Texture #4– Pile it on!
Now for the final chapter on texture; this is Texture with a capital ‘T’. In this chapter we will explore embellishment to add texture to your quilt/ fiber projects.
In bygone eras, embellishment was mainly the empire of the Crazy Quilt. Most of the time it was embroidery but beads and other artifacts were sometimes added. Years ago, my guild hosted a speaker on Crazy Quilts who spoke of a Victorian era crazy Quilt that was embellished with a stuffed squirrel – yuck!
Now, we live in the era of embellishment and there are entire magazines devoted to this art form – Embellishment (a publication from Australia) is completely devoted to embellishment and other publications such as Cloth Paper Scissors, Quilting Arts, Threads and Stampington & Co. frequently feature articles about embellishment; the art of ‘adornment’ has broken free from the world of Crazy quilts.
Though I had played a bit with embellishment early on – my second quilt incorporated an old mink coat pieced into the pattern – my first serious ‘conscious’ exploration into texture was a friendship quilt I made from blocks from my small quilt group. I had just finished a two and a half year project overseeing and making a somewhat traditional raffle quilt for my guild, and I was rebelling against flat and square. The theme was the beach retreat we took twice a year and after piecing the blocks together into an asymmetrical arrangement, I added a ‘fringe’ of seaweed made from Dupioni Silk along the top and bottom edges and a second ‘fringe’ along just the bottom made from drilled giant Sea Urchin spines, I also knotted some fishnet from Pearl Cotton and sewed seashells all over the quilt, The Sea Urchin spines add a particularly intriguing element as they clink musically if the quilt is moved.
This gave me the idea to explore the idea of quilts that make sound and my next noisemaker art quilt was a Sashiko panel along the lines of Japanese Noren (ceremonial curtains that hang in a doorway) that has lengths of Bamboo segments in a fringe along the bottom edge. This panel, that I titled ‘Zen Wind Chimes’ also makes a lovely sound when the panel is stirred by a breeze if hung in an open window.
The genie is out of the bottle and there’s no putting him back; though I do still make more traditional ‘flat’ quilts, I am bolder about adding 3-dimensional embellishments to my art quilts. Buttons, beads, seashells… needle lace and fabric confetti – there is no better way to create lacy foliage to a landscape quilt than with confetti , and my Garden Window Nature Scrolls often sport berries made from beads, 3-D leaves and even some Maple samaras (the seed cases children often call ‘helicopters’) made from heavyweight painted and inked watercolor paper. I am also exploring the sea life found in a tide pool starting with my dimensional bead and embroidery Sea Anemones.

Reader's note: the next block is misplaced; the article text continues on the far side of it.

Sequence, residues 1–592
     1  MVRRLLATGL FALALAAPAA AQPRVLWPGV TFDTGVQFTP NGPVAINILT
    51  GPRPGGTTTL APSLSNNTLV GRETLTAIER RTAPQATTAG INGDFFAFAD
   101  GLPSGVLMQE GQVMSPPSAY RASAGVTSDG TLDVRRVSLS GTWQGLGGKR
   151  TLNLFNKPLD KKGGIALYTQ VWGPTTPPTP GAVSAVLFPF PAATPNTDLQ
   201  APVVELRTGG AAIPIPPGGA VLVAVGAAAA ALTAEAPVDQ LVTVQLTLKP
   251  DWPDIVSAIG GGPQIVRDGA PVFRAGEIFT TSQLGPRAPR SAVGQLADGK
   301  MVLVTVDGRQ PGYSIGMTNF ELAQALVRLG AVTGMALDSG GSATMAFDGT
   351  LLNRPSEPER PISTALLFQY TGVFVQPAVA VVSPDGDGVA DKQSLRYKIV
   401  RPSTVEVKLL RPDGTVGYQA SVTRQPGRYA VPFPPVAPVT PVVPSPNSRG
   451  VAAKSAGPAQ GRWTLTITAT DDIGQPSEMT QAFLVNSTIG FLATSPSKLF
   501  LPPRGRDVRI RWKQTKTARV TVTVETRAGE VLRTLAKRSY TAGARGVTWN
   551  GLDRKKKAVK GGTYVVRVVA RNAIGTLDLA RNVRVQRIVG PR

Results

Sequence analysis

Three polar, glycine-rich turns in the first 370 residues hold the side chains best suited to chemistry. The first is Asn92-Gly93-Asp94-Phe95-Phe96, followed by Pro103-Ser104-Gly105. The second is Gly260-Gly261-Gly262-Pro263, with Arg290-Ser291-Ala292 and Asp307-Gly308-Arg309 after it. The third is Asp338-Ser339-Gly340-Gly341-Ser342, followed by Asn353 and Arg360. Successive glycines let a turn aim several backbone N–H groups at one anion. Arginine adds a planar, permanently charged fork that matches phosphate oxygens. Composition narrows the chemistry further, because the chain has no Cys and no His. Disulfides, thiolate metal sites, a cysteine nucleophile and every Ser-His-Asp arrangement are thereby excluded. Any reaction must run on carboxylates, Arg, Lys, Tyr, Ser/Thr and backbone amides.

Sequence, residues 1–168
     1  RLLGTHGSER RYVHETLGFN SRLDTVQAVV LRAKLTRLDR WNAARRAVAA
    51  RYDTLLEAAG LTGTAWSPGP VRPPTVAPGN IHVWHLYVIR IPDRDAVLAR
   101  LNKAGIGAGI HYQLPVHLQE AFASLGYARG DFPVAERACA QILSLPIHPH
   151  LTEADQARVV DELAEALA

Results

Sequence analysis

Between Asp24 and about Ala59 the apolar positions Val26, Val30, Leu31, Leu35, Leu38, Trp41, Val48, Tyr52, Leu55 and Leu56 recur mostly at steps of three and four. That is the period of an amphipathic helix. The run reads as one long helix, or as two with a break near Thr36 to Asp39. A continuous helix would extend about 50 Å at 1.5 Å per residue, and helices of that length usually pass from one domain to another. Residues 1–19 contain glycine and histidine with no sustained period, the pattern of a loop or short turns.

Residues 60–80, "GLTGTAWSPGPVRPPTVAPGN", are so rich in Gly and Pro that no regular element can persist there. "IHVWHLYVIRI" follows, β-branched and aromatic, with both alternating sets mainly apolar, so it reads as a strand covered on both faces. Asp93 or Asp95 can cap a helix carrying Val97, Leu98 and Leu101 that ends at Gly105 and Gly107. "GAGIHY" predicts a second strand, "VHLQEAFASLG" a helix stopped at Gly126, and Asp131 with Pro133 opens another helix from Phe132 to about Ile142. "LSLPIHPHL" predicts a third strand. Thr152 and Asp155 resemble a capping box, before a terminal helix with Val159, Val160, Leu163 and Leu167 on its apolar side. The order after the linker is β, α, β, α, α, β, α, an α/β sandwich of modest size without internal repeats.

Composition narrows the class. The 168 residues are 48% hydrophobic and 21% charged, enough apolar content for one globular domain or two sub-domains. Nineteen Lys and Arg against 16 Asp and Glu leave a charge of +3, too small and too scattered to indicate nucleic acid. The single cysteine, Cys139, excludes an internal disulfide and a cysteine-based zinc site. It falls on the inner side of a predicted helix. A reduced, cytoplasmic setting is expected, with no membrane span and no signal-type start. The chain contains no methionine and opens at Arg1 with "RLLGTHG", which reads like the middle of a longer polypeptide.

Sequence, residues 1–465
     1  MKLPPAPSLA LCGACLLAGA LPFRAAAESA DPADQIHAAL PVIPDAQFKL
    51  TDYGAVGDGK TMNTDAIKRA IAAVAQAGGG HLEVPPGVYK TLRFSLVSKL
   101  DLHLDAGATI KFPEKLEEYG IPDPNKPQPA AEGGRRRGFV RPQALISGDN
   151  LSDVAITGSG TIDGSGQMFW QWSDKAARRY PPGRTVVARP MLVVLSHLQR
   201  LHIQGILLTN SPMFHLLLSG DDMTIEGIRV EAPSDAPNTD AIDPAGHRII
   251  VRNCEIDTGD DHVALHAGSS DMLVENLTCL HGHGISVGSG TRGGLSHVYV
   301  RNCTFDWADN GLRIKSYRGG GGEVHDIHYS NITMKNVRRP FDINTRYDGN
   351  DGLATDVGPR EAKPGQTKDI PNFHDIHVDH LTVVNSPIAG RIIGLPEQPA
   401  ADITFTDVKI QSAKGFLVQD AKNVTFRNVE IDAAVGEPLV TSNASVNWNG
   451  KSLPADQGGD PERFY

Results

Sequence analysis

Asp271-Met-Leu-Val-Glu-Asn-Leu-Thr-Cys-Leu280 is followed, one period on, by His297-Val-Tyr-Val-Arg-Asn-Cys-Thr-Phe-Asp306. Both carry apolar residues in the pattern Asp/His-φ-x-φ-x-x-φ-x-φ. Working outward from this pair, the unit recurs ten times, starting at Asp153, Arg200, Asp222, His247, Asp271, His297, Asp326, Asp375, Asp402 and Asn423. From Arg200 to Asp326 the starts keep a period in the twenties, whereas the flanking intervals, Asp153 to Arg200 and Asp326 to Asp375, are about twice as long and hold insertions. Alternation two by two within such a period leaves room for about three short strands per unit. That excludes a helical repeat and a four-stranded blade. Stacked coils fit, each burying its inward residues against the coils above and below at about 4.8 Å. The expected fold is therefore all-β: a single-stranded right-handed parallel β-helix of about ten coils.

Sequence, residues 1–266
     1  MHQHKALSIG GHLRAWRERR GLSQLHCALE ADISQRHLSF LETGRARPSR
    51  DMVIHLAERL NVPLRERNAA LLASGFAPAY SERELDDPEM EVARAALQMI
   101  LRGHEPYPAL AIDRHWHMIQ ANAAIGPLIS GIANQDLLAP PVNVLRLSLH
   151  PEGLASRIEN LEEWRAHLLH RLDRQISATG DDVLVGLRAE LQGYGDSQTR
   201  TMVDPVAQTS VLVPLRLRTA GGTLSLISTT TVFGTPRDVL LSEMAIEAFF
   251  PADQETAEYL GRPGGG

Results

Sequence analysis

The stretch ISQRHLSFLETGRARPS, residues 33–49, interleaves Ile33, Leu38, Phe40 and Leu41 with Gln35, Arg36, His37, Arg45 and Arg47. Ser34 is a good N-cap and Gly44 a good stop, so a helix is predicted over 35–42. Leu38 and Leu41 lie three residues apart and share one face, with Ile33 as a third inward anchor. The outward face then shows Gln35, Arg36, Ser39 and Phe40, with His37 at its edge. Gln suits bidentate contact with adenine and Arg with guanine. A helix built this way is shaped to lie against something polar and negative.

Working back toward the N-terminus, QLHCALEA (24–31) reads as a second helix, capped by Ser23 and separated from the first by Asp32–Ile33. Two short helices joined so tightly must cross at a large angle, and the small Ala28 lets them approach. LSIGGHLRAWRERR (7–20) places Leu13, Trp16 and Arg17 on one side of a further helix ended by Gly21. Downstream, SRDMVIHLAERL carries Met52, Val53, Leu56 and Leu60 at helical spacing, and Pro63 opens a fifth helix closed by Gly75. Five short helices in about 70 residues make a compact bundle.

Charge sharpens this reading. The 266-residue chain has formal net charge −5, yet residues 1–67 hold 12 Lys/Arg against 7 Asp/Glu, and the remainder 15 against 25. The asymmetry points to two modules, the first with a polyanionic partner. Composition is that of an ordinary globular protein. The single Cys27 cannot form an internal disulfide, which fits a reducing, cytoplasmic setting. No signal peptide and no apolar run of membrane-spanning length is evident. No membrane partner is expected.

Thinking back, at first I thought I had not really done much tree dimensional work but when I started to contemplate what images I would like to include in the post, I realize I’ve used texture in my quilts far more often than I’d imagined
And now for some shameless self promotion: if you are interested in learning a few of these 3-D techniques, I will be offering a couple of classes upcoming over the next few months and into next year at various venues shown below.
Cedar Ridge Quilts – Button Fantasia:
a delightful way to showcase any solitary buttons you might have left over in your sewing box or, if you are a serious antique/decorative button collector, to display your treasures.
Ocean Waves Quilt Camp – Twin Rocks Landscape:
this is my strip-pieced/appliqué landscape technique with a new twist – creating three dimensional waves on a seascape using a variety of materials such as lace or confetti.
Cedar Ridge Quilts – Embroidered Folk Art Ornaments: these chubby stuffed little gems are made from hand embroidery on wool and are embellished with sequins and beads. Choose a cat, a peacock or a sweet little winged elephant.TIP: They need not be made into ornaments, they can also be used in wool applique projects.
Montavilla Sewing Center (Gresham) – Reversible Appliqué Tide Pool:
yes, you read that correctly – reversible, not reverse appliqué. This easy technique makes a two sided quilt that can be displayed from either side which in a way makes it 3-D in my opinion.
Art & Soul Retreats – I will be offering several classes at this event:
- March 12, 2019: 3-D Fabric Pebbles:
These are remarkably easy to make and with the right fabrics can look astoundingly real.
- March 15, 2019: Stumpwork Sea Anemones:
Often called the flowers of the sea, these creatures come in many brilliant color combinations and the texture of these embroidered and beaded projects has to be felt to be believed; they are so wonderfully tactile you can’t resist running your hand over them.
- March 16, 2019: 3-D Fabric Leaves:
Wonderfully ruffled and curled, these dimensional leaves can be used to embellish quilts, purses and bags, clothing and some artists even make jewelry from them.
I am also teaching the Stumpwork Anemones class in Florence later this August but that is a private class to a small quilt group and not open to the public,
And finally, my Art Journal Quilt classes held at three different locations – Pioneer Quilts (the first Friday of each month), Montavilla Sewing Center (the first Wednesday of each month at the Gresham location) and Sewn Loverly (the second Friday of each month). These classes vary from month to month and are not always on some sort of 3-D embellishment but those techniques are sometimes the focus of the classes.